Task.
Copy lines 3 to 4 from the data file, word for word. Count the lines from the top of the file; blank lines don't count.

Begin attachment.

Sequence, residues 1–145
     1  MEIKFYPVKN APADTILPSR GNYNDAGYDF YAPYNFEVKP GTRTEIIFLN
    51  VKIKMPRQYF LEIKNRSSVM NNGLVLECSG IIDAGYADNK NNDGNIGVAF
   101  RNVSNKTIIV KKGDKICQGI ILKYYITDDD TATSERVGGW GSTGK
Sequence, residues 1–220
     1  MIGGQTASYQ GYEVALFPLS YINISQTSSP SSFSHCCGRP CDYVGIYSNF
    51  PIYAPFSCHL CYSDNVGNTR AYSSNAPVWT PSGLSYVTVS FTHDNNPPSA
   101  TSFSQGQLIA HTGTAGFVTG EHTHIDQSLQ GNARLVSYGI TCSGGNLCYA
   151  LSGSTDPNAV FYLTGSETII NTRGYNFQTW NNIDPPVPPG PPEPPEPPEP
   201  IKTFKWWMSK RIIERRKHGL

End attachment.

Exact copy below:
    51  VKIKMPRQYF LEIKNRSSVM NNGLVLECSG IIDAGYADNK NNDGNIGVAF
   101  RNVSNKTIIV KKGDKICQGI ILKYYITDDD TATSERVGGW GSTGK